The Montclair Map Task: Balance, Efficacy, and Efficiency in Conversational Interaction

Jennifer S. Pardo, Adelya Urmanche, Hannah Gash, Jaclyn Wiener, Nicholas Mason, Sherilyn Wilman, Keagan Francis, Alexa Decker

Research output: Contribution to journalArticlepeer-review

17 Scopus citations


This paper introduces a conversational speech corpus collected during the completion of a map-matching task that is available for research purposes via the Montclair State University Digital Commons Data Repository. The Montclair Map Task is a new, role-neutral conversational task that involves paired iconic maps with labeled landmarks and a path drawn from a start point, around various landmarks, to a finish mark. One advantage of this task-oriented corpus is the ability to derive independent objective measures of task performance for both members of a conversational pair that can be related to aspects of communicative style. A total of 96 native English speakers completed the task in 16 same-sex female, 16 same-sex male, and 16 mixed-sex pairings. Conversations averaged 32 minutes in duration, yielding approximately 217,000 words. The transcription protocol delineates events such as speaking turns, inter-turn intervals, landmark phrases, fillers, pauses, overlaps, and backchannels, making this corpus a useful tool for investigating dynamics of conversational interaction. Analyses of communication efficacy and efficiency reveal that male pairs of talkers were less efficient than female and mixed-sex pairs with respect to partner map-matching task performance.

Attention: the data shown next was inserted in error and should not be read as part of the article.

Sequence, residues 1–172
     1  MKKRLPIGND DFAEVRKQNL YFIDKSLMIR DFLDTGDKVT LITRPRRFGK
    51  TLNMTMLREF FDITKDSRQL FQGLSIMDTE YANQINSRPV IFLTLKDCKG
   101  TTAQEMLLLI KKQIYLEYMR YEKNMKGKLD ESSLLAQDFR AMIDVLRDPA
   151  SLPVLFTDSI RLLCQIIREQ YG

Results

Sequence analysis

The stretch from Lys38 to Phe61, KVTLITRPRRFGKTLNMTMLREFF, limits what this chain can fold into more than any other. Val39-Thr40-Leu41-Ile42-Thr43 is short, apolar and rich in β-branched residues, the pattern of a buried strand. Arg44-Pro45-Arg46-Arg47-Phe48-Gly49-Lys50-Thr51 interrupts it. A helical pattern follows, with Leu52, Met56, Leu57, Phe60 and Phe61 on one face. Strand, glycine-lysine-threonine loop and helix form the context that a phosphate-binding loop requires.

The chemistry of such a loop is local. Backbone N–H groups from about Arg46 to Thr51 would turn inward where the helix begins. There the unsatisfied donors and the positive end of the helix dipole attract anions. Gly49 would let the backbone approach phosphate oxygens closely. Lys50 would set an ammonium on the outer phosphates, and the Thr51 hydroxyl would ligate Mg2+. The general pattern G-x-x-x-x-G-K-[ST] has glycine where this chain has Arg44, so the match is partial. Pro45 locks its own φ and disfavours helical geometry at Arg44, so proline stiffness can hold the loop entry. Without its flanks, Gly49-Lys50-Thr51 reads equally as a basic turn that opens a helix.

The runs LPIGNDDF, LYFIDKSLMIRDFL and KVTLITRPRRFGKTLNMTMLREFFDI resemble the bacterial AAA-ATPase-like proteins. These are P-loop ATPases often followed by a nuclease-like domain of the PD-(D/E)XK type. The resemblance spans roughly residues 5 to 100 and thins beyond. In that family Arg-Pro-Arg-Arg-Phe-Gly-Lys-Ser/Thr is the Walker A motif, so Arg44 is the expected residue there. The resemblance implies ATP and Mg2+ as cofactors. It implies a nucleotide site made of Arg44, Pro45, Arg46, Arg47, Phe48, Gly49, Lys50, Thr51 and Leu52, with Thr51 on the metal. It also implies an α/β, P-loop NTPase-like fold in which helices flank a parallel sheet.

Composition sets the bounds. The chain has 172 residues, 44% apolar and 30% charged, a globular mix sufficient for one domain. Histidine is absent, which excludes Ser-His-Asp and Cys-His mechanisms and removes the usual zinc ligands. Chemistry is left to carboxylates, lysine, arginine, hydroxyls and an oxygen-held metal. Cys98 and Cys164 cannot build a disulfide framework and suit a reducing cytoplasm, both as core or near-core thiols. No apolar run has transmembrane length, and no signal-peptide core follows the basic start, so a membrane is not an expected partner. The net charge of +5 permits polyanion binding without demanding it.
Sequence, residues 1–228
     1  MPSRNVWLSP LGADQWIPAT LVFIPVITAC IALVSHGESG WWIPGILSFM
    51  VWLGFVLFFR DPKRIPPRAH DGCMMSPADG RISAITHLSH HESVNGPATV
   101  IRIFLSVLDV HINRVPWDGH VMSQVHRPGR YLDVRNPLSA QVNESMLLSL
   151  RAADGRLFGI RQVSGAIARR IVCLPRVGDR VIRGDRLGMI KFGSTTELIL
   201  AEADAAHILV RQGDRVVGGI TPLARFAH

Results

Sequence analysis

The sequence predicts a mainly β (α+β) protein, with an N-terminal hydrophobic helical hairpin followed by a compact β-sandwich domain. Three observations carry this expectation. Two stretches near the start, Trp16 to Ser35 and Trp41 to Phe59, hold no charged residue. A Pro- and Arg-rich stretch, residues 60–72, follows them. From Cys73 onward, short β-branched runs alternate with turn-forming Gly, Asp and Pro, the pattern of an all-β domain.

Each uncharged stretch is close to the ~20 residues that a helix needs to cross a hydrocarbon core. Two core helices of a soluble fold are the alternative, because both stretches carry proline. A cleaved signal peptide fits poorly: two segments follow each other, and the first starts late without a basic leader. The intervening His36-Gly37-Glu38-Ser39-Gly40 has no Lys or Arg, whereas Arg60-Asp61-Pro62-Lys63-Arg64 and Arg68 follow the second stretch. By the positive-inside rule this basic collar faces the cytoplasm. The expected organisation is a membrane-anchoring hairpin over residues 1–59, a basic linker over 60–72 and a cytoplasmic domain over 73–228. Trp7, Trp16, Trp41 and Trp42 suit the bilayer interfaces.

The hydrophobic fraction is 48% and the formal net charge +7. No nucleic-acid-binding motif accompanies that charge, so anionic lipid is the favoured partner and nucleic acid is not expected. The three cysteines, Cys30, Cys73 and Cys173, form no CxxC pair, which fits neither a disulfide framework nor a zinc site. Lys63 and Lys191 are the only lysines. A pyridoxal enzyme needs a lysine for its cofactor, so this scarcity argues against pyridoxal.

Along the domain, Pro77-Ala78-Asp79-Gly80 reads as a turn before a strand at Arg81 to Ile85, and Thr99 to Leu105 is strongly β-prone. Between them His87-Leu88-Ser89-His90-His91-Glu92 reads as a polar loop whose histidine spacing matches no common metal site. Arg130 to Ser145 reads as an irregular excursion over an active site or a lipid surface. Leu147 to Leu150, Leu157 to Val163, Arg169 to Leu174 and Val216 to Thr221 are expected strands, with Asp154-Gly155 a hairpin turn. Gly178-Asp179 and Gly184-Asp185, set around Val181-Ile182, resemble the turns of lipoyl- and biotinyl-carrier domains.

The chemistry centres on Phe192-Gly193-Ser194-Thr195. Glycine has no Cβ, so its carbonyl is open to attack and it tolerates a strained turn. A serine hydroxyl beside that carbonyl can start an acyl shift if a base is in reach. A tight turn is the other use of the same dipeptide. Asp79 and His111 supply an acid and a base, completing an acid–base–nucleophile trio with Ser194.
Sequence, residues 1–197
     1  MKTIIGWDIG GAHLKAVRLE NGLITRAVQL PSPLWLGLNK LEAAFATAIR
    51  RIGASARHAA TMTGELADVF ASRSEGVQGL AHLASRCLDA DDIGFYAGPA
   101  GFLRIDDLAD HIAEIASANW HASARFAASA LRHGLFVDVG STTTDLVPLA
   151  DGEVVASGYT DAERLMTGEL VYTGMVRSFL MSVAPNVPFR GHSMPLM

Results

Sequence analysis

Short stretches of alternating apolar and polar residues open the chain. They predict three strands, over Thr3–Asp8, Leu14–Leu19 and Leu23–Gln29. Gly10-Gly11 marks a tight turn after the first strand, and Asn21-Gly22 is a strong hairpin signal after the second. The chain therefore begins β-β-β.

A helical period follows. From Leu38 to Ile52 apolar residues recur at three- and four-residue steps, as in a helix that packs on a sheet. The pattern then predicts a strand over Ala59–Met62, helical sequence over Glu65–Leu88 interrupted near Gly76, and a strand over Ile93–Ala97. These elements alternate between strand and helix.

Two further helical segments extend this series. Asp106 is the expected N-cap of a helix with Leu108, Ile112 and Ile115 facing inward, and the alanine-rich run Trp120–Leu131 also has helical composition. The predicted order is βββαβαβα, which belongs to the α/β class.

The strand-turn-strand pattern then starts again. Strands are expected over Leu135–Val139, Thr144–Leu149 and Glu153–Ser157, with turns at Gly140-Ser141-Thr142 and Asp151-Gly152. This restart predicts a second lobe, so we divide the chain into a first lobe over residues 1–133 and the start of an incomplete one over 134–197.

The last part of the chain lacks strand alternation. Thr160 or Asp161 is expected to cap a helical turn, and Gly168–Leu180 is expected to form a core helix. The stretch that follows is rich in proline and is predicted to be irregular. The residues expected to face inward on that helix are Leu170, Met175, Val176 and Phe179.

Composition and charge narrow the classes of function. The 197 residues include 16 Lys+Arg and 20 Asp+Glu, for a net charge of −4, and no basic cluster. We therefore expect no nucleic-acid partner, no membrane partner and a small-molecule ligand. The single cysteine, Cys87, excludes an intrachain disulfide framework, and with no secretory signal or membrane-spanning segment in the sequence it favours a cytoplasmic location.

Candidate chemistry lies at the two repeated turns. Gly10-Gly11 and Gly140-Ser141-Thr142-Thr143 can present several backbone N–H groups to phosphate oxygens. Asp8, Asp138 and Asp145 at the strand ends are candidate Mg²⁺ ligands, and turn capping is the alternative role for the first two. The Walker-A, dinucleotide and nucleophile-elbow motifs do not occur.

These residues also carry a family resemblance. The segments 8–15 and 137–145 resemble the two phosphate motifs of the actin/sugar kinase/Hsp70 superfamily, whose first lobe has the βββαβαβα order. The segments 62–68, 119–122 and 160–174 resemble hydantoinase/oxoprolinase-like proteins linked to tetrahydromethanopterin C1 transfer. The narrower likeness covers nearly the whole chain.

Original languageEnglish
Pages (from-to)378-398
Number of pages21
JournalLanguage and Speech
Issue number2
StatePublished - 1 Jun 2019


  • Conversational interaction
  • communication efficiency
  • conversation corpus


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